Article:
(Acute Angle-Closure Glaucoma; Single Angle-Closure Glaucoma)En Español (Spanish Version)
Glaucoma represents a group of eye disorders that cause damage to the optic nerve. Glaucoma is a degenerative eye disease and one of the leading causes of blindness in the United States.
Angle-closure glaucoma is a condition in which the iris in the eye shifts and blocks the exit passageway of the aqueous humor, the fluid that fills the eye. This fluid blockage causes a rapid build-up of pressure in the eye.
Angle-closure glaucoma is an emergency condition that requires immediate medical treatment to preserve vision.
© 2008 Nucleus Medical Art, Inc.
The exact cause of open-angle glaucoma is unknown. However, factors that play a role in causing the disease include:
- Narrowing of the drainage angle in the eye—Aging and being farsighted are two causes of this narrowing.
- Being born with narrow angles
- Injury to the eye
A risk factor is something that increases your chance of getting a disease or condition. The following factors increase your chance of developing angle-closure glaucoma:
- Family history of narrow angle glaucoma
- Glaucoma in one eye—This increases the risk of developing glaucoma in the other eye.
- Ethnic background—Asians are at greater risk of angle-closure glaucoma.
- Injury to the eye
- Eye drops used to dilate the eyes
- Certain systemic medications
Patients with narrow angles experience few or no symptoms until the disease has progressed to an acute angle-closure attack. Symptoms of this may include:
- Severe pain in the eye
- Facial pain
- Pupil not reacting to light
- Blurred or cloudy vision
- Redness and swelling of the eye
Your doctor will ask about your symptoms and medical history, and perform a physical exam.
Tests may include the following:
- Eye exam
- Tonometry —to determine intraocular pressure
- Slit lamp examination—the use of a low-power microscope combined with a high-intensity light source, allows a narrow beam that can be focused to examine the front of the eye
- Gonioscopy—the use of a special mirror to view the drainage angle of the eye
Angle-closure glaucoma requires emergency medical treatment to preserve vision. See an ophthalmologist immediately if you have any signs or symptoms of an angle-closure glaucoma attack. Treatment options include:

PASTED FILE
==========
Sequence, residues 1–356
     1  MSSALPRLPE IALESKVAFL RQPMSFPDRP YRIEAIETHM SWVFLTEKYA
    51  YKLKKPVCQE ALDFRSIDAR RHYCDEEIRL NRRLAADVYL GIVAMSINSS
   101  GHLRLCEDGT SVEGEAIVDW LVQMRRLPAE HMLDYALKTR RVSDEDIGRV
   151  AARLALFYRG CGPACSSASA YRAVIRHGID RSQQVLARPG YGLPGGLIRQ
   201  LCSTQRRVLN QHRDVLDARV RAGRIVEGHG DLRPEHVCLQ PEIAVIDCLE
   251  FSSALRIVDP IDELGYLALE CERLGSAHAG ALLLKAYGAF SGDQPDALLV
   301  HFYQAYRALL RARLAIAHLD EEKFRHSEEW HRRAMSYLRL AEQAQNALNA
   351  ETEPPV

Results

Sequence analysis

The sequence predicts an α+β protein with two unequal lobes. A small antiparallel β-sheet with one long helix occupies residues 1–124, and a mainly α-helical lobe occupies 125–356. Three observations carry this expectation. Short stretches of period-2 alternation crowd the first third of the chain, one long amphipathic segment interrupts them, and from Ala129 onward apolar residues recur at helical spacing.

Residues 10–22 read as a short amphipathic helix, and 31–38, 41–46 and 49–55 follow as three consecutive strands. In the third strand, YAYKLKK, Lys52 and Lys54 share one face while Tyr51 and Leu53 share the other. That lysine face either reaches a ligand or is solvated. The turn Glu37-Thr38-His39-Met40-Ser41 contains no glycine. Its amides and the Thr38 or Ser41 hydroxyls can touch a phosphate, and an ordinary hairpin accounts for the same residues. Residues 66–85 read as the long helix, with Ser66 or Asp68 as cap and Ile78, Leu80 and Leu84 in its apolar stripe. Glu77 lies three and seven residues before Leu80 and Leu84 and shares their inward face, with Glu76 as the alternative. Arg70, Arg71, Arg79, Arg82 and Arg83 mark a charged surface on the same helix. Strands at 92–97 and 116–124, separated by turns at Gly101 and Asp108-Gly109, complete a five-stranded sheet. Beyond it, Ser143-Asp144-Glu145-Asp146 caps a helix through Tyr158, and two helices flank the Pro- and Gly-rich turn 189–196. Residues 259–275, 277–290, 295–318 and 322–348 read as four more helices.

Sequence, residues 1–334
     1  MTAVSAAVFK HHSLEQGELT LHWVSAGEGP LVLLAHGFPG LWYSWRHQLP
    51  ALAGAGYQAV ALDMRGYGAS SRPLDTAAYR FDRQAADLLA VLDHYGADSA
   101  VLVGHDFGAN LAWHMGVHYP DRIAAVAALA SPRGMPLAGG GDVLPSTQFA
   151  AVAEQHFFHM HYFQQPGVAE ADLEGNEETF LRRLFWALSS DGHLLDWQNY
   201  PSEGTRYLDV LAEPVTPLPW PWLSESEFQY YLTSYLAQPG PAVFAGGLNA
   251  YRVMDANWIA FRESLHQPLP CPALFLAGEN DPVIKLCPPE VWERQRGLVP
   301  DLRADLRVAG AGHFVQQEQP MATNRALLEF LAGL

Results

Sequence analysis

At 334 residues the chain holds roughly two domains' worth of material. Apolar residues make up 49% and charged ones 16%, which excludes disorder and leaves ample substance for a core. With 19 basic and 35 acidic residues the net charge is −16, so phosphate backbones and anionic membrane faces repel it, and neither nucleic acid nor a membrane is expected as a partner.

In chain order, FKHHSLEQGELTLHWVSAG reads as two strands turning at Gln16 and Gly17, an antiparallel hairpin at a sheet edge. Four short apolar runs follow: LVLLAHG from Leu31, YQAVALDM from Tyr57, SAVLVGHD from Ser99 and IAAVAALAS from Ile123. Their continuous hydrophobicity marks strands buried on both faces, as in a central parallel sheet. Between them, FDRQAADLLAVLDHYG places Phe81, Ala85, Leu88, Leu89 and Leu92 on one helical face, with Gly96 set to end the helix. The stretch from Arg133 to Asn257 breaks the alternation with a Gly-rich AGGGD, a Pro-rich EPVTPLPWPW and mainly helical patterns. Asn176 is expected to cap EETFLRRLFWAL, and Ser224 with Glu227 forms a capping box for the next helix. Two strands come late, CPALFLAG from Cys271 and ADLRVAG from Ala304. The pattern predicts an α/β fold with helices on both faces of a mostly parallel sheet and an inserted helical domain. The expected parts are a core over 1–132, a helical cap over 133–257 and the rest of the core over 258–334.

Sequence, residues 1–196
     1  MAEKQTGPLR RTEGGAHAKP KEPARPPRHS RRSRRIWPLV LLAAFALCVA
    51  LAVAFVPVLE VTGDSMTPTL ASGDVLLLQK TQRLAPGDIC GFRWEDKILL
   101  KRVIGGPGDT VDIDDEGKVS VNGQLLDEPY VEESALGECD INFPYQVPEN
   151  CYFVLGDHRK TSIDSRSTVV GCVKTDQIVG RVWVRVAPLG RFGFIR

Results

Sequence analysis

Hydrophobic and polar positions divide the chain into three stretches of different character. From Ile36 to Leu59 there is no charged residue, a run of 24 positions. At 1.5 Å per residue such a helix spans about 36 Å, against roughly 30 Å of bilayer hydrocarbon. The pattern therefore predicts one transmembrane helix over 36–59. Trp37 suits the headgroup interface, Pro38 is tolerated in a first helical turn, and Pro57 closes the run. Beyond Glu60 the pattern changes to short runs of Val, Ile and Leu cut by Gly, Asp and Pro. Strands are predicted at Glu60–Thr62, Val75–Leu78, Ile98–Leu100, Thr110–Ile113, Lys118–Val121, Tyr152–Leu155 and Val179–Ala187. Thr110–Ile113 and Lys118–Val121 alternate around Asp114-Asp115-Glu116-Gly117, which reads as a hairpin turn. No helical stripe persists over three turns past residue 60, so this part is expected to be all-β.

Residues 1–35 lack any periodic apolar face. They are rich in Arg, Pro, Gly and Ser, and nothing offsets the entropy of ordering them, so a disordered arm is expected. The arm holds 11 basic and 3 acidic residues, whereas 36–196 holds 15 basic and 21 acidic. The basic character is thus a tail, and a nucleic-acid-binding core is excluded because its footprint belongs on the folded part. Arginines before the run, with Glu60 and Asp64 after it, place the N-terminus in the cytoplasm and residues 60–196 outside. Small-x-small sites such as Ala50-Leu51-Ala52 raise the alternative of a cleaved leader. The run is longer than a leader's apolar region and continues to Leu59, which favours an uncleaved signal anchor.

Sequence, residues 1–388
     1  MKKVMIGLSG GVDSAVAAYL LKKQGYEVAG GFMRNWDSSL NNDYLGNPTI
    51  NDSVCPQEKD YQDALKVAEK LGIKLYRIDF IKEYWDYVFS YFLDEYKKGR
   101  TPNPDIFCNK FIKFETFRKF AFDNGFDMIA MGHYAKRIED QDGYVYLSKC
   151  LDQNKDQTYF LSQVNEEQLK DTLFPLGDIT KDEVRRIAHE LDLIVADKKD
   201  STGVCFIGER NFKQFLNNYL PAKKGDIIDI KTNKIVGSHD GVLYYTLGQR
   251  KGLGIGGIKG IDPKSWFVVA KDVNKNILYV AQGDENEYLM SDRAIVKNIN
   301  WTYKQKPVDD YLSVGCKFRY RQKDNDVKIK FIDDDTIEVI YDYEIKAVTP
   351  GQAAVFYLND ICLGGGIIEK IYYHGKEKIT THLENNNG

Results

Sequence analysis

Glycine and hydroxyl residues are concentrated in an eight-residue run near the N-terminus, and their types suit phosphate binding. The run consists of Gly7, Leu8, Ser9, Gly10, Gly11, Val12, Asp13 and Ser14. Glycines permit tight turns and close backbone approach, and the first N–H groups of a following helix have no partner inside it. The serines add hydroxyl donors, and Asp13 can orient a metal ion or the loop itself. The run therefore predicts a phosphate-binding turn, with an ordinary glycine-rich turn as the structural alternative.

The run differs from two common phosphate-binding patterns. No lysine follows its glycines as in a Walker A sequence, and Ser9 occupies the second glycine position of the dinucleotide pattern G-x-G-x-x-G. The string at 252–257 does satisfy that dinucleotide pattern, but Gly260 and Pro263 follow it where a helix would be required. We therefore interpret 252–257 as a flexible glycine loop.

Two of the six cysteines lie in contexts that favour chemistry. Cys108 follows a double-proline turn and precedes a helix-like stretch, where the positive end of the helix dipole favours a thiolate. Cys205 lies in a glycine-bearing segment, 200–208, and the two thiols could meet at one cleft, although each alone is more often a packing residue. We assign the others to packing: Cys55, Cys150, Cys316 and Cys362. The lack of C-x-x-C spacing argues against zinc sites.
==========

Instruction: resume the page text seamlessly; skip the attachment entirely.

- Medications—Eye drops, pills, and sometimes even intravenous drugs are often administered to reduce intraocular pressure.
- Surgery—Surgery (usually done by laser) may be used to stop or prevent an attack of angle-closure glaucoma.
Angle-closure glaucoma cannot be prevented, but prompt medical treatment can reduce the risk of vision loss. Patients at high risk of having an angle-closure glaucoma attack may undergo preventive surgery to open a new channel in the iris. Since you can’t tell if you have narrow angles, it is important to have a comprehensive eye examination regularly.
The Glaucoma Foundation
Glaucoma Research Foundation
St. Luke's Eye Cataract & Laser Institute
Glaucoma Research Society of Canada
Acute glaucoma (primary angle closure glaucoma). International Glaucoma Association website. Available at: http://www.glaucoma-association.com/nqcontent.cfm?a_id=714&=fromcfc&tt=article&lang=en&site_id=483 . Accessed July 16, 2007.
Blindness. World Health Organization website. Available at: http://www.who.int/topics/blindness/en/ .
Glaucoma. Medline Plus Medical Encyclopedia. US National Library of Medicine website. Available at: http://www.nlm.nih.gov/medlineplus/ency/article/001620.htm . Accessed June 27, 2007.
Glaucoma. US National Institutes of Health. National Eye Institute website. Available at: http://www.nei.nih.gov/health/glaucoma/glaucoma_facts.asp . Accessed June 27, 2007.
Spaeth G. What is angle closure glaucoma? Glaucoma Service Foundation to Prevent Blindness website. Available at: http://wills-glaucoma.org/aclose.htm . Accessed June 27, 2007.
Last reviewed November 2007 by Marc Ellman, MD
Please be aware that this information is provided to supplement the care provided by your physician. It is neither intended nor implied to be a substitute for professional medical advice. CALL YOUR HEALTHCARE PROVIDER IMMEDIATELY IF YOU THINK YOU MAY HAVE A MEDICAL EMERGENCY. Always seek the advice of your physician or other qualified health provider prior to starting any new treatment or with any questions you may have regarding a medical condition.
Copyright © 2011 EBSCO Publishing All rights reserved.